Singapore’s First Liberal Arts College to Close in 2025, Students & Faculty Upset By Decision
Higher Education News
Sep 06, 2021
Singapore’s first liberal arts college, Yale-NUS College will close by 2025, 14 years after its establishment, the institution has announced. This decision has caused outrage among students and faculty.
The announcement came on August 27, during a virtual meeting with the President of the National University of Singapore (NUS), Tan Eng Chye, current President of Yale-NUS College Tan Tai Yong and founding President of Yale-NUS Pericles Lewis, Erudera.com reports.
During the meeting, they said that the final group of students who have just enrolled at Yale-NUS would be the last cohort to get special Yale-NUS degrees in 2025.
“Yale-NUS College will continue through Graduation 2025. The College will not continue after 2025, although some currently matriculated students may graduate after that time. No new students will be admitted to Yale-NUS College after the Academic Year 2021/22,” a post published on Yale-NUS College’s website reads.
NUS also announced its latest initiative to establish two new colleges in a bid to transform the educational experience at the institution. The first college is expected to be established by combining Yale-NUS College and the University Scholars Programme, while the second will be the College of Design and Engineering, by merging the Faculty of Engineering and the School of Design and Environment.
Following the sudden decision, a faculty member said that no one was informed about such move, there were no consultations, and NUS didn’t ask for any ideas on how to continue operating with Yale-NUS college without closing it.
Wee Yang Soh from Singapore, who attended the inaugural class at Yale-NUS in 2013, now a PhD student at the University of Chicago in the United States, wrote on Facebook that he felt betrayed, disappointed, and angry after the decision was made.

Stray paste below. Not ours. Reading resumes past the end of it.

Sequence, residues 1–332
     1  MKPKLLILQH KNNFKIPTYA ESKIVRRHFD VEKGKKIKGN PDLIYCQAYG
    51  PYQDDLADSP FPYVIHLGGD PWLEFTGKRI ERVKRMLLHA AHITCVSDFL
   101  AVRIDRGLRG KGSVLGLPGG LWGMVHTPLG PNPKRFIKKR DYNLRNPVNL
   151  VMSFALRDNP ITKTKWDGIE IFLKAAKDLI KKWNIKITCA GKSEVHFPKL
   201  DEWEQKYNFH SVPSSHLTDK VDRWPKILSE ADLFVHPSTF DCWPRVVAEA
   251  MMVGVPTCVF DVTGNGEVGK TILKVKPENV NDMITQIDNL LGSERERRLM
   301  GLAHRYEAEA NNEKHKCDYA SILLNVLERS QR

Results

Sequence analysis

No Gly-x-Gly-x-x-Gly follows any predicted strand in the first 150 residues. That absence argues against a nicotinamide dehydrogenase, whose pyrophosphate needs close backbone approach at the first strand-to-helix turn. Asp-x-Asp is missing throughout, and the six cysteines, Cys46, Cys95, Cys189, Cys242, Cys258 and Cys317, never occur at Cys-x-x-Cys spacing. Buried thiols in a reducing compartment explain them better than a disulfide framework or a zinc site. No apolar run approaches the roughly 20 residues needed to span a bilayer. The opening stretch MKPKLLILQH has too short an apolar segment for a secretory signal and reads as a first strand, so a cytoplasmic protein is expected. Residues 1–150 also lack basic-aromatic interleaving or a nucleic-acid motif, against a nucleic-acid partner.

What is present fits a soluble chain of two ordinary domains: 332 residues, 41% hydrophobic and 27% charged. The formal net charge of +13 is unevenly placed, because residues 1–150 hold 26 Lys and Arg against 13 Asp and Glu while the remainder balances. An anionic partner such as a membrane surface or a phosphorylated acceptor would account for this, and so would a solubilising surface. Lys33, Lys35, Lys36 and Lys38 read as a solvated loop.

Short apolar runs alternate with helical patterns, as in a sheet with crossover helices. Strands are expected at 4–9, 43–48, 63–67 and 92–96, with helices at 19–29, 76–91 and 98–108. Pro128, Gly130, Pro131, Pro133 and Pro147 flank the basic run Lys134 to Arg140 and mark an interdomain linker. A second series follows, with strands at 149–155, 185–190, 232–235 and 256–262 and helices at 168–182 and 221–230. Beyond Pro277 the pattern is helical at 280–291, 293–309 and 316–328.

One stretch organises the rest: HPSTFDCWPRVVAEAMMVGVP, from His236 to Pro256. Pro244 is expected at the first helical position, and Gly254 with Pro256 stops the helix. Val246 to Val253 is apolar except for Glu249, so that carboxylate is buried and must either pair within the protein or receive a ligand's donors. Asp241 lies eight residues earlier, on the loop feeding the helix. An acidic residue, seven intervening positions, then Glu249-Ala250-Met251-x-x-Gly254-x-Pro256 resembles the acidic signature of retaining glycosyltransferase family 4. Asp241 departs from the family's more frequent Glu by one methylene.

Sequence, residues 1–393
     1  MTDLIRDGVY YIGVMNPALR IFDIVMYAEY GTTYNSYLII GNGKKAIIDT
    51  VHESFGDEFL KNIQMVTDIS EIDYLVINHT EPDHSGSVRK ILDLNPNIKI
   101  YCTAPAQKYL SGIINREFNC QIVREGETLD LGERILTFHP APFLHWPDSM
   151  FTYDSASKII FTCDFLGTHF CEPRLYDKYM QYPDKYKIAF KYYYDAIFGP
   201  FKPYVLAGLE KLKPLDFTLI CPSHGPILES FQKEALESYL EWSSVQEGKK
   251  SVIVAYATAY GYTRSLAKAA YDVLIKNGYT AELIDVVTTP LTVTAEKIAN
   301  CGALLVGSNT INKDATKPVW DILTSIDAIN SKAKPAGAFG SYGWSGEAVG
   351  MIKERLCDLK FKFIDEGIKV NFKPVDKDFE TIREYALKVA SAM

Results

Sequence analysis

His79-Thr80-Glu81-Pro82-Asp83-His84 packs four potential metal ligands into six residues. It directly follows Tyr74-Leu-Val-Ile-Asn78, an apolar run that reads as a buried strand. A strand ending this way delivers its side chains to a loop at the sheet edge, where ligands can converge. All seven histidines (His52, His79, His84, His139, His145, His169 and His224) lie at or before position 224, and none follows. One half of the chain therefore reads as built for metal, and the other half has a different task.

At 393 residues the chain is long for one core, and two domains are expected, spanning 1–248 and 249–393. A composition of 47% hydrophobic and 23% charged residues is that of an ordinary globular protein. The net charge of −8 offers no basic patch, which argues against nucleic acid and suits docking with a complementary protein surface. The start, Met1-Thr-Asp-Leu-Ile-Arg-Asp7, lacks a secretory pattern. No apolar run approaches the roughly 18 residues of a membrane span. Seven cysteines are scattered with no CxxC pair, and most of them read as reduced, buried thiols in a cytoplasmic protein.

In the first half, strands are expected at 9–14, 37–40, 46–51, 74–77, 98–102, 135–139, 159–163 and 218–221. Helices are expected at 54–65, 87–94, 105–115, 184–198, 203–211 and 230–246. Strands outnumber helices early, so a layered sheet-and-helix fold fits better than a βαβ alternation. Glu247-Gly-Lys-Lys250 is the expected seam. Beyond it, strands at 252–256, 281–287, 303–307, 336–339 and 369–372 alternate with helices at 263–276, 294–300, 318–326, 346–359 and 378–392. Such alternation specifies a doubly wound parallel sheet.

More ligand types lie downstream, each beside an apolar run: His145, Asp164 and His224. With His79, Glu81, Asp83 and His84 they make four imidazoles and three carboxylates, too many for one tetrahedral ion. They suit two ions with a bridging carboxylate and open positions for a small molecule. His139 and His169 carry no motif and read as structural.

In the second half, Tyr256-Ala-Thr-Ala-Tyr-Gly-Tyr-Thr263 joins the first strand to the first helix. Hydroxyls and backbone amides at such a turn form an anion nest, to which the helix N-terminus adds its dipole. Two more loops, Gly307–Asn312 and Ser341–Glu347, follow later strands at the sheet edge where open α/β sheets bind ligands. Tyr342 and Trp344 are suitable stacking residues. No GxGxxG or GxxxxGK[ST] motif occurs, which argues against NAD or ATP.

“As alumni and part of the first batch of the college, we went through a lot of sacrifices to build up the college from scratch, from its practices, its curriculum, student life, everything was painstakingly built up, and for that all to suddenly be taken away from us just felt like a huge blow,” he told University World News.
Whereas Mitchell Palmer, also a student of Yale-NUS, said what hopes can others have if one of the best universities in Asia did not manage to maintain a real liberal arts college in partnership with a US university with hundreds years of experience in liberal education.
“But, whatever happens, this has undeniably been handled terribly by the University. They have let down the students, faculty, and staff who took a risk and in many cases moved thousands of kilometres away from home to support and enjoy the vision of a liberal arts education in Asia,” Palmer wrote in a blog post.
An online petition named “Reverse the Mergers and #NoMoreTopDown” has been issued by students of Yale-NUS and NUS calling the latter to change the decision. More than 13,000 people have already signed the petition.
Singapore’s Yale-NUS College was established in 2011 by Yale University and the National University of Singapore (NUS), becoming the state’s first liberal arts institution. Under the agreement signed in 2011, either partner could end the collaboration in 2025.
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